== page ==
AWS Serverless Common Mistakes - Communication with Other Systems (5/7)

"No service is an island" and serverless systems can have problems communicating with other systems. This is part of a multipart blog post about serverless common mistakes. Friday, February 15, 2019

This is continuation of a blog about common mistakes when building serverless systems on AWS. It is split into the following parts:

Functions are mostly the glue in the serverless world that connect different systems. If these systems are legacy systems or systems that were designed for another environment this could present a challenge.

Connections

Connecting to systems that demand a live connection that is expensive to set up with a limited number of them can present a problem. SQL databases are an example of such system. Connecting to Redis and MongoDb can also be problematic.

What is the problem? Let's look at SQL databases. Traditionally, you have a connection pool system because establishing a connection is expensive. That is a pool of open connections. You get a connection for the time you need it. Then it is returned to the pool. In the serverless world, functions ("servers"/containers) are stateless. They come and go depending on the current needs. There is nobody to hold the connection pool. You can open connection whenever you need it and close it afterward. But this is expensive. You can leave open a connection and reuse it next time if the same container that executes function is reused. But this way, you could easily run out of them. The solution is to build a smart system that handles the opening and closing connection and reuses it if possible. When leaving open a connection, be aware that Lambda waits for Node's Event Loop to finish before returning anything via the callback. So, if you leave the connection open, the call could never finish. Lambda has a "context" on which you set callbackWaitsForEmptyEventLoop to false to change this behavior.

Do you need temporary or permanent help on your project?

MySQL

If you are connecting to MySql or MySql compatible database (Aurora, MariaDb), there is already a library for Node.js that resolves your problems called Serverless MySQL by the awesome Jeremy Daly. Here is a detailed explanation of all the settings you should set to optimaly manage connections.

How to use:

const mysql = require('serverless-mysql')({
  config: {
    host     : process.env.ENDPOINT,
    database : process.env.DATABASE,
    user     : process.env.USERNAME,
    password : process.env.PASSWORD
  }
})

// Main handler function
exports.handler = async (event, context) {
 context.callbackWaitsForEmptyEventLoop = false;
  // Run your query
  let results = await mysql.query('SELECT \* FROM table')
  // Run clean up function
  await mysql.end()
  // Return the results
  return results
}

When you finish an executing function, you call end() instead of closing the connection. The library looks at how many connections are used and decides if it needs to close the connection or if it can be saved for the next revocation. Do not forget to await this call. Also, do not forget to set callbackWaitsForEmptyEventLoop = false, which allows Lambda to complete despite an open database connection that occupies the event loop.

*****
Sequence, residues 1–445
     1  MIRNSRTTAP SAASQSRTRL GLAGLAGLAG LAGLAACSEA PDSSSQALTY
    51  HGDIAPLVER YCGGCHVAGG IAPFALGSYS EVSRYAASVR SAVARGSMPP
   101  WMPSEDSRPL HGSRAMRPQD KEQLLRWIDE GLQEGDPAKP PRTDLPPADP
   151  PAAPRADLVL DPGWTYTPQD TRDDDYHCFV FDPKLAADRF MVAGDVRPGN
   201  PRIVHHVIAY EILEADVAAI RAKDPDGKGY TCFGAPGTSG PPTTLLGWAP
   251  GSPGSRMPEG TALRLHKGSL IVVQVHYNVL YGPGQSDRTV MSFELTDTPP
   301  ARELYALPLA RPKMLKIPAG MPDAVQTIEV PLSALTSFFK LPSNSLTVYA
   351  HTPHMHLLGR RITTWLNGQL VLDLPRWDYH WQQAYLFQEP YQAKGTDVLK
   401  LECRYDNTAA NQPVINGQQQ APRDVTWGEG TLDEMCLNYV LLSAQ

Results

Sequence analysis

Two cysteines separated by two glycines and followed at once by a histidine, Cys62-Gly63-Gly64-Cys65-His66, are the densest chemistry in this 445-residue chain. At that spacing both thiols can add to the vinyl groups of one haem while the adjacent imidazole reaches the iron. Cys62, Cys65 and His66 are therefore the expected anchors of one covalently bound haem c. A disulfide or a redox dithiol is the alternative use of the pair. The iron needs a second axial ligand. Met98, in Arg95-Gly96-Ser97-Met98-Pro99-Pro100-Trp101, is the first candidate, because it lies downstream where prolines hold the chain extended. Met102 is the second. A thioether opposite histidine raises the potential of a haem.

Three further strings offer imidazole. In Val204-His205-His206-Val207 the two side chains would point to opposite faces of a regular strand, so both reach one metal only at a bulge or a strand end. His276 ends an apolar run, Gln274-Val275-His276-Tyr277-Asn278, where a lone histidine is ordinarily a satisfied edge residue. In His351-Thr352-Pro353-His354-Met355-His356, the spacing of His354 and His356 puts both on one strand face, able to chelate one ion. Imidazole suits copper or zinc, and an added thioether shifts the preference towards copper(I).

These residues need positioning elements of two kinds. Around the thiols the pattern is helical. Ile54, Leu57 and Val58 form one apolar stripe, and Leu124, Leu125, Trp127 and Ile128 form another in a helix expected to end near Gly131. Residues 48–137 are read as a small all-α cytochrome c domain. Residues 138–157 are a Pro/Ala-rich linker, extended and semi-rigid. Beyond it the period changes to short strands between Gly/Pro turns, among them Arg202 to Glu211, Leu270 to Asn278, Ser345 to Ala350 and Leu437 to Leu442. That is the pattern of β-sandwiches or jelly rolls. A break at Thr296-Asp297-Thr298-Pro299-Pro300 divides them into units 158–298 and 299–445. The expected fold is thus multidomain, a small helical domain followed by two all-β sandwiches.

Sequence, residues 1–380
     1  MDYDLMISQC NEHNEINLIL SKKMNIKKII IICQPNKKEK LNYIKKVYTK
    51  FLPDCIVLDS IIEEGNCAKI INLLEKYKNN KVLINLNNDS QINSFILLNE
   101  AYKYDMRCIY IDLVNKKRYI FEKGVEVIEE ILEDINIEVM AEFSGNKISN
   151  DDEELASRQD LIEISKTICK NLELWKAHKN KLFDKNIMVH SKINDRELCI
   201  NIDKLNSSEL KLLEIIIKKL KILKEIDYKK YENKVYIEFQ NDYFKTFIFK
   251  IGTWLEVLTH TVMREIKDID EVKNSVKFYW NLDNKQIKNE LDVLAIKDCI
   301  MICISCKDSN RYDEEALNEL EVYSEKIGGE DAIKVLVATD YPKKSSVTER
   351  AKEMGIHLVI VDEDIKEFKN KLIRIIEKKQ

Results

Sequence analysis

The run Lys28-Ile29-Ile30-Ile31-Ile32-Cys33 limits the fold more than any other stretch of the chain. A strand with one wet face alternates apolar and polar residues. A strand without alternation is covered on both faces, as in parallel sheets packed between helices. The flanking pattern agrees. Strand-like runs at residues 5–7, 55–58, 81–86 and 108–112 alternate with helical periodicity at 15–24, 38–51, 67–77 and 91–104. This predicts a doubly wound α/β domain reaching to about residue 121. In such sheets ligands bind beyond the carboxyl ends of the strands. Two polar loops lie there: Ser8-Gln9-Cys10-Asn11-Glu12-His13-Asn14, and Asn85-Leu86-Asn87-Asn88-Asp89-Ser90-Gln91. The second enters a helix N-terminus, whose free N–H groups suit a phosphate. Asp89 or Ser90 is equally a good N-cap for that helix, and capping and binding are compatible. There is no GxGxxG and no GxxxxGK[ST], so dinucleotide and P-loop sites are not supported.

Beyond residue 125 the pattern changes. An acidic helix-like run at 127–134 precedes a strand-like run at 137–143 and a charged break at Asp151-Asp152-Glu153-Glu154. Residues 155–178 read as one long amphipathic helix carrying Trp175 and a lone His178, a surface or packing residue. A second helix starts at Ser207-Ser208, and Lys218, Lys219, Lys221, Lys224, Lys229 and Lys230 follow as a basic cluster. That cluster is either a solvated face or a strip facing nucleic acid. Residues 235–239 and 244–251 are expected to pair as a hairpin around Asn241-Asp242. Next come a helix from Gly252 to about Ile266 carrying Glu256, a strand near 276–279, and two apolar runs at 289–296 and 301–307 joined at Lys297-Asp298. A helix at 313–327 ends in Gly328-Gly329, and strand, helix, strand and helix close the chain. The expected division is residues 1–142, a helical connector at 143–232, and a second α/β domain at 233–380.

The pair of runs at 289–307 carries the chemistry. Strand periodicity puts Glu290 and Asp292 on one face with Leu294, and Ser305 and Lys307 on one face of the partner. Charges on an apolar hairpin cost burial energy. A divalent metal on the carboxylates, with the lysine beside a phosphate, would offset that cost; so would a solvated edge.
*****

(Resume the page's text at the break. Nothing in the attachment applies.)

For connecting to MySql in Lambda use library Serverless MySQL by @jeremy_daly

VPC and SQL Databases

When connecting to SQL databases with Lambda, there is another issue. You can make a connection in two ways:

  • Lambda inside VPC

    Allow access to RDS from all IPs in the VPC. You have a longer cold start and you can run out of ENIs or IPs, so you have to limit Lambda concurrency. You can read moure about VPC here. The problem will soon be significantly reduced.

  • Lambda outside VPC

    Set the RDS to "Publicly Accessible" and in the security group allow access from everywhere (Lambda IPs are not known).

Opening the database to public access is of course not an ideal solution and probably not acceptable because of security reasons. But if you want to avoid all the disadvantages of VPC, that is the only way. If you are choosing this option, use an SSL connection. You can read how to use SSL connection with SQL database in this blog.

Amazon is building a new Data API for Amazon Aurora Serverless that will not have such problems, but it is currently not ready for prime time.

Limiting Scalability

Systems you connect to might not be as scalable as your serverless systems. You could easily overload them and there are several ways to prevent this.

If you can make the process asynchronous, you can use a Decoupled Invocation pattern and put queue (SQS), Kinesis Data Stream, or DynamoDB Streams between and balance the load. Here is an excellent blog of how to implement this.

If the calling service have fixet set of quotas you can implement this quite complext throttling mechanizem.

If calls need to be synchronous, then limit the concurrency of Lambda or set API Gateway throttling, so your serverless system will be throttled but your external system will survive.

An SQL database is again such a system where you must implement described tactics. In asynchronous scenarios, use a Decoupled Invocation pattern and for synchronous, set the maximum concurrency for the functions less than the number of provided connections.

Serverless systems: Prevent overloading downstream resources with Decoupled Invocation pattern

Multiple Concurrent Calls

If you are making multiple concurrent calls (like in a fan-out pattern) in Node.js there is a default configuration that limits open sockets to five. You can increase this:

var agent = new https.Agent();
agent.maxSockets = Infinity;

var AWS = require('aws-sdk');
AWS.config.httpOptions = { agent: agent }

Other systems have similar limitations.

Set maxSockets to remove the limit of multiple concurrent calls in #nodejs